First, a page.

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Associations, Economic, Government

Alberta’s budget keeps ‘economic engine turning,’ says ACA chair

Evan Saunders
Alberta’s budget keeps ‘economic engine turning,’ says ACA chair
CHRIS SCHWARZ/GOVERNMENT OF ALBERTA — Finance Minister Travis Toews during a news conference in Edmonton the day Alberta’s budget was unveiled.

With a forecasted surplus of $2.4 billion and more than $20 billion in capital spending, Alberta builders say they are pleased with the recently released 2023 budget.

“We applaud the government for the budget they put out. I think it was a fair budget,” said Trevor Doucette, chair of the Alberta Construction Association.

He emphasized the fact capital spending was spread across numerous sectors of the construction industry.

“I think there’s a good spread between municipal infrastructure, health facilities, highways and roads, bridges and schools of course. It’s a really good first step for this government.”

Doucette said a wide berth of infrastructure investment will make the construction industry and the province as a whole economically stronger.

“It’s key that we have a diversified construction industry and that there’s diversified spending,” he said.

“It’s really important to keep the economic engine turning by spreading funding out. We’re happy with that.”

The capital budget includes $6.5 billion for municipal support, $3.5 billion for maintenance and renewal of public infrastructure, $2.3 billion for roads and bridges and $1.6 billion for kindergarten to Grade 12 school projects, among other items.

But Doucette expressed some concern for the province’s approach to building up the workforce amid a skilled labour shortage.

The 2023 budget includes a $156 million investment for Alberta at Work in 2025-2026. While welcome, Doucette said throwing money at training isn’t necessarily the solution.

“I’m not so sure if a dollar amount is what’s going to fix it,” he said. “We need more people in general.”

Doucette said attracting more people into the industry through education outreach is possibly the sector’s best hope, emphasizing the need to expose youth to the industry earlier than at a post-secondary level.

“We need to convince the education system and we need to convince the parents that there are viable careers in construction.”

He said the view of construction needs to change so it is seen as a primary instead of secondary career.

Much of this work needs to be done at an early stage, he explained, and education systems could be reworked to have younger students engaging with the trades and the industry.

Beyond youth outreach, Doucette said immigration is also critical.

“I think that’s going to have to come through increased federal immigration programs with the support of the provincial government, of course.”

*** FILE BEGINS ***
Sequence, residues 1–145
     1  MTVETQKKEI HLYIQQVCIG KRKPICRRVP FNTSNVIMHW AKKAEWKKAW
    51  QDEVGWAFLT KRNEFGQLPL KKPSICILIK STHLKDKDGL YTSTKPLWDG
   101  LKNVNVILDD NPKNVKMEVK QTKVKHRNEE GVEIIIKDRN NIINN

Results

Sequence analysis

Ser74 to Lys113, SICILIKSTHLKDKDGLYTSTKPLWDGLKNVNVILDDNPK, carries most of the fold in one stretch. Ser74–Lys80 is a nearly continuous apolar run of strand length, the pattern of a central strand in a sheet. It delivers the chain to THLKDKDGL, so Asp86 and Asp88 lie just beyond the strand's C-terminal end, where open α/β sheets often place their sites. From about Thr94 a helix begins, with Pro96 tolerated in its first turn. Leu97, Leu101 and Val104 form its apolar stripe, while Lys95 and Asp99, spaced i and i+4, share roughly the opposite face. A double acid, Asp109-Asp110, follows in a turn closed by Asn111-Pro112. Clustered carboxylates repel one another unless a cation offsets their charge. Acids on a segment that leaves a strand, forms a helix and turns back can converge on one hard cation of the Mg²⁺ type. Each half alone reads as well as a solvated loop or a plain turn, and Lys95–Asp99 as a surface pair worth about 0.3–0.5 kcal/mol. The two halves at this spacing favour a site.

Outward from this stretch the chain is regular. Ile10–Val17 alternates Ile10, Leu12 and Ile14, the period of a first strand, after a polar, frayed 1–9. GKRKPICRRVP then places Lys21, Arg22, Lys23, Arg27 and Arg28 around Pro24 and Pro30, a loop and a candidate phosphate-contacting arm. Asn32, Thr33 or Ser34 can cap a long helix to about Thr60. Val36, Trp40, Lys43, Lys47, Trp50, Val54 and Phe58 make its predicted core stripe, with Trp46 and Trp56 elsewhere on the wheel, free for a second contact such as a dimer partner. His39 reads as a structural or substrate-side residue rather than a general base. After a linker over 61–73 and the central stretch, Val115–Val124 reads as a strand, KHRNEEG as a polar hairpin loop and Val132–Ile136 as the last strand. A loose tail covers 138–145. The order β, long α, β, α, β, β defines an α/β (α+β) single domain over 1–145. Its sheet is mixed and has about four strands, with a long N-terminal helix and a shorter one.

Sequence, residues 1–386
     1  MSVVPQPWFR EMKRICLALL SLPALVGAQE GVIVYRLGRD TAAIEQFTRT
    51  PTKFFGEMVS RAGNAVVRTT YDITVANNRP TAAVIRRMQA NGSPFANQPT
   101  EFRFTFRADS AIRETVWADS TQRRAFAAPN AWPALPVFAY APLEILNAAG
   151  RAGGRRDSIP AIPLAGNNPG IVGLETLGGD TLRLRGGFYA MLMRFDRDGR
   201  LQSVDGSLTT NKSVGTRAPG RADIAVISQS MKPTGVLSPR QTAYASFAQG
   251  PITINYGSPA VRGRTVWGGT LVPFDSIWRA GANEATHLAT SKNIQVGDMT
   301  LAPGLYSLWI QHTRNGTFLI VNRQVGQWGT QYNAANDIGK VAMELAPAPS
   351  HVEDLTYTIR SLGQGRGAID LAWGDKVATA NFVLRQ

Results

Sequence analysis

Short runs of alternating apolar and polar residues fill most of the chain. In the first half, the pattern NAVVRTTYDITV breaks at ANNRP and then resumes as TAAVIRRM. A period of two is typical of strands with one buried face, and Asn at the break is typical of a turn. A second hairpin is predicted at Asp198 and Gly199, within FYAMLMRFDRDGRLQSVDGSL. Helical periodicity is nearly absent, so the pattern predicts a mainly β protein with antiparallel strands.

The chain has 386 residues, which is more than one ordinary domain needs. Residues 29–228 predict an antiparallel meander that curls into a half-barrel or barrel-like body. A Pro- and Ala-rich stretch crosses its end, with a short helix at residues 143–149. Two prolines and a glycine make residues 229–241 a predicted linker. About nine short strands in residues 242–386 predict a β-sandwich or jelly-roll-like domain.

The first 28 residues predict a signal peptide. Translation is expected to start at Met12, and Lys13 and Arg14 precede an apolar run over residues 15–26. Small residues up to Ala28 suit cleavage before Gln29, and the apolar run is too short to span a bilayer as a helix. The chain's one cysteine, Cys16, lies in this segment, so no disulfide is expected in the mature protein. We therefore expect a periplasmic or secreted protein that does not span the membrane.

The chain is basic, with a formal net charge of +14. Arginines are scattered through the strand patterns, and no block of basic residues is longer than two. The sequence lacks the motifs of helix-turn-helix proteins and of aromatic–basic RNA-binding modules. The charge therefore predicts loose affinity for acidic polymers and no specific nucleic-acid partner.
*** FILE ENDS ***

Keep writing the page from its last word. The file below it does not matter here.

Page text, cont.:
Regardless, “we were satisfied with this budget as a first step towards reinvigorating and keeping the construction industry economy flowing,” he said.

The budget also received praise from the Progressive Contractors Association of Canada (PCA).

“This is a budget that puts good, well-paying Alberta jobs front and centre. We fully support efforts aimed at improving the province’s business climate and getting important infrastructure projects built,” said president Paul de Jong.

PCA was supportive of the government’s investment in the labour shortage, singling out the extension of Alberta at Work and a $111 million investment over three years to support post-secondary enrolment in high demand sectors.

The Calgary Construction Association (CCA) highlighted investments in transportation infrastructure as essential as the city grows.

The CCA “is pleased to see significant infrastructure spending in the Calgary region that will promote jobs and economic activity in the construction industry,” the association wrote in a news release.

The budget includes $541 million over three years for Calgary LRT projects and $429.7 million over three years for the Deerfoot Trail.

CCA president Bill Black noted a lack of investment in the city’s downtown strategy and that the event centre project and field house were left out of the budget.

“These are important projects for the city because not only do they provide jobs and economic activity for the industry, but they are also strong investments in the cultural vibrancy of Calgary and serve as magnets that attracts people to move here,” Black said.

“We hope that the Government of Alberta considers these projects in the future.”

The CCA noted there are as many as 4,000 vacant construction jobs in the city and was supportive of the investment into Alberta at Work.

Follow the author on Twitter @JOC_Evan.

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